This toxicological case study illustrates the methods and means by which presumed
causation can be refuted through interpretation of objective scientific evidence.
It summarizes the events following the death of an elderly man involved in a motor
vehicle accident and demonstrates how pharmacological factors and behavior on the
part of the defendant can be considered as evidential in a toxicological analysis.
An 84-year old man crossing a street in an electric wheelchair failed to check for
traffic, rolling into the path of an oncoming car. The driver braked, skidding some
40 feet before stopping just in time to lightly impact the wheelchair, toppling
it over and depositing the man on the pavement.
The man was hospitalized with non-lethal injuries but during treatment, he became
hypotensive with severe bradycardia, possibly due to pathological complications
(including hypertension, diabetes and a pacemaker). He became unresponsive due to
his abnormally slow heart action. A decision was made not to resuscitate and he
died shortly thereafter.
The middle-aged female driver was treated for neck pain and released the same day.
She told investigators the wheelchair had moved directly in front of her vehicle
at the moment she had looked away from the road for "maybe a second."
No drug/alcohol testing or clinical chemistry was performed as police, EMS and hospital
records all noted "no impairment." Witnesses corroborated the driver’s
statements and confirmed no obvious impairment indications. The accident was deemed
unavoidable. Nevertheless, the man’s family sued the driver for punitive damages
alleging negligent vehicle operation while under the influence of drugs.
Plaintiff attorneys characterized the outcome as a "foregone conclusion."
Defendant retained TCAS to conduct a toxicological assessment.
Collecting Pharmacological Evidence
Dr. Sawyer began by reviewing the driver’s medical history which was significant
for two knee replacements and neck disc removals with fusion. TCAS reviewed
and tabulated several years of pharmacy records noting prescriptions for hydrocodone-acetaminophen,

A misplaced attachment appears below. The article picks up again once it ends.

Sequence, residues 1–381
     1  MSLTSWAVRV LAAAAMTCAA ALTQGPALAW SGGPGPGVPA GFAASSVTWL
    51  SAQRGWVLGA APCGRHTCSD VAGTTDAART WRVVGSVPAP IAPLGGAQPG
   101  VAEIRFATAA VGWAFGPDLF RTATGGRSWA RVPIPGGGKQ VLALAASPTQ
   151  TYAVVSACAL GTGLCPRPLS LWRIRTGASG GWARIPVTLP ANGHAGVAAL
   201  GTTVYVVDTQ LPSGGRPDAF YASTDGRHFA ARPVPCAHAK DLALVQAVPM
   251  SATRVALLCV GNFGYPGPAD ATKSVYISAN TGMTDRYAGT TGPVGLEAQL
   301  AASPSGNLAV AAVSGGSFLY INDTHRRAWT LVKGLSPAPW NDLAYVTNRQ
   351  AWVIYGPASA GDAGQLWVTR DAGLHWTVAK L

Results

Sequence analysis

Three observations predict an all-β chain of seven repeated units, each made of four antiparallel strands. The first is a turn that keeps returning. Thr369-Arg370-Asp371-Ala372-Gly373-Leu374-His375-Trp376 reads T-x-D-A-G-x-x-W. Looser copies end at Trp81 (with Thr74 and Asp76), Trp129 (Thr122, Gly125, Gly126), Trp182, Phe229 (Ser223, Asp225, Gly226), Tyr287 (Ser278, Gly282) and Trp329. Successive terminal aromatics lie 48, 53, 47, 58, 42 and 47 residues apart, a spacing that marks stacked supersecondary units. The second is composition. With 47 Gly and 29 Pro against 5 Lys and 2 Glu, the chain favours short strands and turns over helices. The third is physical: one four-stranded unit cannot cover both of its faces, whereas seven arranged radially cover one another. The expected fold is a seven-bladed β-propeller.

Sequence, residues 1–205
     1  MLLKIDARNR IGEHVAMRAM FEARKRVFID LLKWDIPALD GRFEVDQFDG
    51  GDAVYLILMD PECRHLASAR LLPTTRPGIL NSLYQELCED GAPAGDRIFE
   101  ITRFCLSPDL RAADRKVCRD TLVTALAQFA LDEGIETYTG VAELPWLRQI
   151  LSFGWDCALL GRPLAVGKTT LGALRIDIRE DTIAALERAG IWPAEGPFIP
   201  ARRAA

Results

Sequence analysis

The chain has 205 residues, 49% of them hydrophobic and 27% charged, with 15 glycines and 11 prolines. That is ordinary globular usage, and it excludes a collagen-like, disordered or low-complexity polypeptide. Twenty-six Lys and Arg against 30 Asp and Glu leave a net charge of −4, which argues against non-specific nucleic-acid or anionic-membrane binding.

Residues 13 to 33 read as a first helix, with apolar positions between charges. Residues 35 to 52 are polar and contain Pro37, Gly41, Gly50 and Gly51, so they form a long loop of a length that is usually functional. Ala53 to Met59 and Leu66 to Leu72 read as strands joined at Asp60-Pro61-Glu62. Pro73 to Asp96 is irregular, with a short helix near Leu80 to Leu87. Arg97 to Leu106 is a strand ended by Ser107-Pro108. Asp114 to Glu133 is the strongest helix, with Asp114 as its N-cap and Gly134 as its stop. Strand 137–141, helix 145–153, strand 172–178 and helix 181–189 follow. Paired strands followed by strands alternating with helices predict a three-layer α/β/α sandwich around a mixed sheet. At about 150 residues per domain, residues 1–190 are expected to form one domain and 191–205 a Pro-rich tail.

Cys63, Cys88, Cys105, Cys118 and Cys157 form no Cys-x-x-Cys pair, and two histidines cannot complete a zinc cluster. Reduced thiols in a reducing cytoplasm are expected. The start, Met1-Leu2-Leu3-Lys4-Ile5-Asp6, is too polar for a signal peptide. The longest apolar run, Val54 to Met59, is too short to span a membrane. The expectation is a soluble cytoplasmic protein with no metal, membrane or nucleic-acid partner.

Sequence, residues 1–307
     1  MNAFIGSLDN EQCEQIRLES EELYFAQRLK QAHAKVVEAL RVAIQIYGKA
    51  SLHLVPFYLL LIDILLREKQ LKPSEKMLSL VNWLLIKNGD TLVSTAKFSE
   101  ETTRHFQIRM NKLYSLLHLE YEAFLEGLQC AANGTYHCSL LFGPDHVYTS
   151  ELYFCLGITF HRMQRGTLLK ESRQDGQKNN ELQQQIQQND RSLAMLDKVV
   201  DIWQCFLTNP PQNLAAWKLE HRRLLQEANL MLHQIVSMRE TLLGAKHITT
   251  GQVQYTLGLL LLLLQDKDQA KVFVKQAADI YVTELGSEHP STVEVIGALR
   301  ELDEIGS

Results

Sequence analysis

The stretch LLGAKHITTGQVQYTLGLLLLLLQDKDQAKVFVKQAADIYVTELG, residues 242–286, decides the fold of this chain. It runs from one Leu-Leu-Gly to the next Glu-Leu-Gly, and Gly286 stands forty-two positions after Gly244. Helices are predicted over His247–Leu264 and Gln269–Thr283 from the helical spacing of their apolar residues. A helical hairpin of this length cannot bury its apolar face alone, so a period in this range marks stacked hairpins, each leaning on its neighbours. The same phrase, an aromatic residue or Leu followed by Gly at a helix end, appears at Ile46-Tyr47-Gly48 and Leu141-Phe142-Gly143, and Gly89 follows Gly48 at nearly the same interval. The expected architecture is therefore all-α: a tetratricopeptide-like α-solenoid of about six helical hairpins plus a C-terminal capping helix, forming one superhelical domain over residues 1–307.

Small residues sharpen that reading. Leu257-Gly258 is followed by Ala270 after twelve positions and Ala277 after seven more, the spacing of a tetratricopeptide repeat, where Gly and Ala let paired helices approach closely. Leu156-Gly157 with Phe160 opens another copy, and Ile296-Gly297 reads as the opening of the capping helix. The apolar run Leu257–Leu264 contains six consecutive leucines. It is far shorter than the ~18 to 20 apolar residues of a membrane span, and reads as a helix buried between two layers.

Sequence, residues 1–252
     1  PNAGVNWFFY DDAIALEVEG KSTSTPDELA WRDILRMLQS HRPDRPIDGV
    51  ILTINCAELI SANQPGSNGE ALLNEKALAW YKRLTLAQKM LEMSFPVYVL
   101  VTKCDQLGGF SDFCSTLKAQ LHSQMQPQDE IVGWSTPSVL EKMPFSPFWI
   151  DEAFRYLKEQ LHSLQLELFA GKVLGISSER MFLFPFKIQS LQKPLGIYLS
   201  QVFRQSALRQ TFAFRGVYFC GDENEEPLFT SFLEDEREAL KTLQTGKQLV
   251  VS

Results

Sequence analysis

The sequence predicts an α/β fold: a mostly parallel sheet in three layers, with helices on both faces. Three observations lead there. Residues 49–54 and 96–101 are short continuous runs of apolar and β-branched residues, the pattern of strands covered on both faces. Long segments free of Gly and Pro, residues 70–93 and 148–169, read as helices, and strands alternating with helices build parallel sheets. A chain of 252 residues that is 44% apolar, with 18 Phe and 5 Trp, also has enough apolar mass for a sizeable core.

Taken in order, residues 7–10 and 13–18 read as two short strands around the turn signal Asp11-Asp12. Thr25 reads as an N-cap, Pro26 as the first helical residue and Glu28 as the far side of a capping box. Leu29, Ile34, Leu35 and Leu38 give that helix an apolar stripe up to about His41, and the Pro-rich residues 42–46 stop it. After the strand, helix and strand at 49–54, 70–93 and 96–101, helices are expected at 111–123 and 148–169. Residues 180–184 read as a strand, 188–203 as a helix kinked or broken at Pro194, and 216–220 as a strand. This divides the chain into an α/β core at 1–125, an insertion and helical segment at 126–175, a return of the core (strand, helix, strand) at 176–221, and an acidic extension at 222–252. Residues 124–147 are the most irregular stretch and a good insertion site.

fentanyl (both narcotic pain relievers) and baclofen (a muscle relaxant). The driver
had also been diagnosed with bipolar disease and depression and had been prescribed
citalopram, trazodone and alprazolam for depression and anxiety.
The driver had been taking these medications ranging from 7 months to more than
2 years. Two weeks prior to the accident, she had visited her physician complaining
of significant fatigue, exhaustion and pain from past surgeries. Her physician prescribed
pain management, continuation of hydrocodone and the fentanyl patch.
Dr. Sawyer noted that the narcotic dose levels were all on the low end of the usual
dosages and there were no dose increases prior to the accident. Significantly, the
pharmacy records also revealed clear compliance with medication schedules with no
suspicious attempts at early refills.
Drug-Induced Driver Impairment?
The plaintiff’s weight of evidence rested mainly upon the different pharmaceuticals
which the driver had been prescribed, each of which could impact driving ability.
- Hydrocodone-acetaminophen (Norco),
an opioid pain reliever for relief of moderate to severe pain. Side effects can
include lightheadedness, dizziness and sedation. Central nervous depression can
also occur if taken with other narcotics, antihistamines, antipsychotics or alcohol.
- Fentanyl patch (Duragesic)
provides short duration relief of chronic, persistent pain. Fentanyl can cause euphoria,
dysphoria and drowsiness but these symptoms decrease with long-term use. It is often
used for patients who are opioid-tolerant.
- Baclofen (Lioresal, Atrofen),
a muscle relaxer used to treat muscle spasm, pain and stiffness. Common side effects
include transient drowsiness, dizziness, weakness and fatigue.
- Citalopram (Celexa), an anti-depressant.
Side effects include drowsiness, somnolence, hyponatremia, dizziness and tachycardia.
- Trazodone, another anti-depressant.
Common side effects include drowsiness, dizziness, fatigue and tiredness. It can
sometimes induce cardiac arrhythmia.
- Alprazolam (Xanax), a short-acting
anti-depressant and anxiolytic (decreases anxiety). Common side effects can include
drowsiness, confusion, hypotension, tachycardia, palpitations, nausea and muscle
Although the FDA requires disclosure of potential adverse effects for all medications,
merely stating that a side effect "can occur" is not the same as assuming
that a side effect "will occur." Qualified toxicologists generally understand
that tolerances to medications will develop over time and many adverse effects are
encountered only upon start-up of a new prescription. This is particularly true
Upon careful review of the medical records, TCAS found that the driver’s
physicians were closely monitoring her for adverse medication effects, both singly
and in combination. This finding was consistent with the expected development of
significant tolerances to fentanyl, hydrocodone and alprazolam.